The jury seemed to be especially pleased this year with the gender ratio of the shortlist, which did originally include four women (de Boer and one-half of Slavs and Tatars — which largely chooses to remain anonymous — are now the remaining two). Tempel described this breakdown in a press release as “unusual, because women still find it difficult to enter the artistic canon and their work attracts less interest in the art market than that of their male counterparts.

“Their presence shows the special value of this prize,” he said. Established in 2000 and awarded every two years (except for 2010 and 2012), the Vincent Award has previously gone only to one female artist: Eija-Liisa Ahtila, in its inaugural year.

Gemeentemuseum may be distancing itself from the Vō v. Kreuk incident, but Baghramian is not alone in refusing to overlook its role in the case. artnet News reported that the Berlin-based Danish-Norwegian duo Elmgreen & Dragset also turned down an offer from the museum to work with it on an unspecified project.

“The museum is in the pocket of a private party,” Michael Elmgreen told artnet News. “It took me about 30 seconds to decide.

“There’s no reason for this in a heavily state-funded country like Holland,” Elmgreen said. “Especially there, it’s insane for the museum to have to depend on private parties this way. When they behave in the interest of the collector against the artist, I have no interest in working with them. It’s also very weird to have public institutions working to increase the value of a private collection.”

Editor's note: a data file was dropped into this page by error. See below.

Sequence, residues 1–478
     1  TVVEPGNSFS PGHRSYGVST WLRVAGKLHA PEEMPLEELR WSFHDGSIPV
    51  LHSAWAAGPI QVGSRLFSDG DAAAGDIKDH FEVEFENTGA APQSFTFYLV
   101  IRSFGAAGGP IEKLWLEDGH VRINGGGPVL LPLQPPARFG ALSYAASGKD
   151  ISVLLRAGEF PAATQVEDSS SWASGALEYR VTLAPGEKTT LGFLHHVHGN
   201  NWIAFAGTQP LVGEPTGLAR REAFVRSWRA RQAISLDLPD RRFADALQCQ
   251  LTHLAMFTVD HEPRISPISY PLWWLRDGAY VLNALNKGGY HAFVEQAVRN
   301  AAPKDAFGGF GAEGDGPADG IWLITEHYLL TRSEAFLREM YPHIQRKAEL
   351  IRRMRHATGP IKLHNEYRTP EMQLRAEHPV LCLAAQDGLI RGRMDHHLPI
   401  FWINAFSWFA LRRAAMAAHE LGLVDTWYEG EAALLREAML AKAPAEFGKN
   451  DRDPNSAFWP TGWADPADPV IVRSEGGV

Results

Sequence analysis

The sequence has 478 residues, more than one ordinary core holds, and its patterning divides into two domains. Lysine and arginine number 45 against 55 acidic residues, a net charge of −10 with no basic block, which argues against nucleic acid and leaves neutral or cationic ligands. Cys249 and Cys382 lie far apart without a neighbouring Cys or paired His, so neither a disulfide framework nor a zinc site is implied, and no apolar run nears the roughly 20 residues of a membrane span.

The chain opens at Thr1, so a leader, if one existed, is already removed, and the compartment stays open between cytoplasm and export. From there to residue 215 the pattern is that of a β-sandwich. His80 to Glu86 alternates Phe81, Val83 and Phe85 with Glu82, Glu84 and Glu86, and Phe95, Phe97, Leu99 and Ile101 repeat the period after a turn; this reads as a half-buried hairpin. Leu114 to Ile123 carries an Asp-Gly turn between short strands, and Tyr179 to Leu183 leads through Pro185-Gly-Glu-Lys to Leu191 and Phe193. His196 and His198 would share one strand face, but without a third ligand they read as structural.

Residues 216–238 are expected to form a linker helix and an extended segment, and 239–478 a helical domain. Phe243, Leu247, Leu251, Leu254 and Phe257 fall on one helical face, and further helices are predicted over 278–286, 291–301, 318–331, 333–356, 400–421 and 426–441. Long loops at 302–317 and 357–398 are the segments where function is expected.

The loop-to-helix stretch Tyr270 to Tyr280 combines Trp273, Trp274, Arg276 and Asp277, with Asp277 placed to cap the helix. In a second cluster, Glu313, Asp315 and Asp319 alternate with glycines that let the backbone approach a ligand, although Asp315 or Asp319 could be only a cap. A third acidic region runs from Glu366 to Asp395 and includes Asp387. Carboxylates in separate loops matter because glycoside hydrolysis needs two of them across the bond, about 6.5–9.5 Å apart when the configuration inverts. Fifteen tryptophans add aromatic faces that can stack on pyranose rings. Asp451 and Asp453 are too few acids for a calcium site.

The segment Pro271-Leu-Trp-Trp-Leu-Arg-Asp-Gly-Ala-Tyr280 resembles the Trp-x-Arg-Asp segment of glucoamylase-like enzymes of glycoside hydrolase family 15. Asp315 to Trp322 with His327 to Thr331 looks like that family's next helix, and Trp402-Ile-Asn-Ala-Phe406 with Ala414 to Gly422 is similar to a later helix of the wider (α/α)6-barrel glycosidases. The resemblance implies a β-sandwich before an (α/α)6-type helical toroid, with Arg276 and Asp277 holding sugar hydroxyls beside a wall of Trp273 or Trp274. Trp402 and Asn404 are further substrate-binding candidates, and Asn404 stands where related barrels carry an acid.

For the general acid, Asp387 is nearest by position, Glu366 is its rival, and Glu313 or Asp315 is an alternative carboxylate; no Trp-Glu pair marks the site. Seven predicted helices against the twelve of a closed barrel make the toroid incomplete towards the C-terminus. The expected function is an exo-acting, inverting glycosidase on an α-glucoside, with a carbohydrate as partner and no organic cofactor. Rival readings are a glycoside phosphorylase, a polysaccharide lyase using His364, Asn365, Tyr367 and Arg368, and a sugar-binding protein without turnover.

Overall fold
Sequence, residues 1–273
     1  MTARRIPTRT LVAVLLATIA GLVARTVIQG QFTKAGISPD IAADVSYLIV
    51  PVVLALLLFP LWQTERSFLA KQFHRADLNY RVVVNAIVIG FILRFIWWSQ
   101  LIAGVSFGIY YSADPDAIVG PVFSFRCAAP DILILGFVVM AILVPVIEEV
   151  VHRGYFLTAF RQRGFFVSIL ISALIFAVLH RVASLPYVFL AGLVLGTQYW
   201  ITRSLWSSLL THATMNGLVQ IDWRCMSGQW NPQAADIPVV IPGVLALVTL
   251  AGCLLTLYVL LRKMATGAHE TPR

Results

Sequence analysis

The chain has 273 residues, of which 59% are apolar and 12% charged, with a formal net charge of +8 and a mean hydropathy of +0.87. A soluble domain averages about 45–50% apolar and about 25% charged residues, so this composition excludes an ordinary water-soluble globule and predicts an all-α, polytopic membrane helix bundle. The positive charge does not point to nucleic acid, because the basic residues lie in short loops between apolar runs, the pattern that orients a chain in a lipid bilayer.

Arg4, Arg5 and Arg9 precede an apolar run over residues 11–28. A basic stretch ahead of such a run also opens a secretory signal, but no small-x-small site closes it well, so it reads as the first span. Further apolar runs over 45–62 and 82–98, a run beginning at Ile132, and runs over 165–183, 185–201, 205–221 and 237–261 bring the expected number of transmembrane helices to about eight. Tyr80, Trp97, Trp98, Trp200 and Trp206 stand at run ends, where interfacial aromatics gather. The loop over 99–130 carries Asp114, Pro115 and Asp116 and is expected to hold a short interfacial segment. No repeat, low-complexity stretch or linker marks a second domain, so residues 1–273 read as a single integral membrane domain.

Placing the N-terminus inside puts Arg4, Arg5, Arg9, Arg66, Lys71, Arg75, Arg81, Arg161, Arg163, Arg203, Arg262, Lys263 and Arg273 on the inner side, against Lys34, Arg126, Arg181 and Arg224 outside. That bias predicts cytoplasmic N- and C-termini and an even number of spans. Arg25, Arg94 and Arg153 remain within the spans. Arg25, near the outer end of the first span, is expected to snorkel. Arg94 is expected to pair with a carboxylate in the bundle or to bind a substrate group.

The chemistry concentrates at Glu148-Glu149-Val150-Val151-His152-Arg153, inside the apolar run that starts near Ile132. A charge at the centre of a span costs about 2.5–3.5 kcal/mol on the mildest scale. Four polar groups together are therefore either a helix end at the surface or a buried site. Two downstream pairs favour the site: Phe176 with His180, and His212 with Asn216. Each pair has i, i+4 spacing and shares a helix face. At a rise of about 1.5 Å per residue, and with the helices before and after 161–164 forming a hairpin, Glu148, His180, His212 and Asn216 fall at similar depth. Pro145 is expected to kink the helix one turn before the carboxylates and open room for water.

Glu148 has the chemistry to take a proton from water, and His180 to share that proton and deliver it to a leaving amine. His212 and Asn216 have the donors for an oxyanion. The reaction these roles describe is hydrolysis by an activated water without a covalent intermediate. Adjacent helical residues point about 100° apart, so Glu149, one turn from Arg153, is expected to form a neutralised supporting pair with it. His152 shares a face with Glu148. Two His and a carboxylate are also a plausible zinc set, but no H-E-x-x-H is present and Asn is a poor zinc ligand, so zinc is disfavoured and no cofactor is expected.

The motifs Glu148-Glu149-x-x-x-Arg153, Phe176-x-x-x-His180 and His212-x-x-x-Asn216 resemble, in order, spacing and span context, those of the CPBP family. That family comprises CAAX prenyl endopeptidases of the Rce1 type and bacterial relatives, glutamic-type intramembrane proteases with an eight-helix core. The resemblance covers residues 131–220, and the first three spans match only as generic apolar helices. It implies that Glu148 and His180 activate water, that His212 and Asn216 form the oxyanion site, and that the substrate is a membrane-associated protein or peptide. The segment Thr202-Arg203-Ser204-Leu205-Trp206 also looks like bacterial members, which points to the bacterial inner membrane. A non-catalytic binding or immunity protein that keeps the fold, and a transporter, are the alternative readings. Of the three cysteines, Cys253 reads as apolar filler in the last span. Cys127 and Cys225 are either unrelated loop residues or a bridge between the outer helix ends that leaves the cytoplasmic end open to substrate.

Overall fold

The artists acting against the museum are all close associates of Vō, as Kreuk noted in an email he sent to Hyperallergic.

“Very close artist-friends and gallery colleagues of Danh Vō are apparently lead to believe that my case against Danh Vō was anything else but a breach of contract by Vō,” Kreuk wrote. “It is very unfortunate that a wrong point is made at the expense of an institution, in an effort to help Vō’s tarnished reputation (which Vō suffered as a result of his default).

“This, therefore, looks very much like a deliberate and coordinated attempt to publicly shame an independent institution.”

The Gemeentemuseum representative said the institution is currently discussing with the jury and the organization committee how it will proceed with the nomination process and that it has not yet made any final decisions. A winner will be announced on November 17.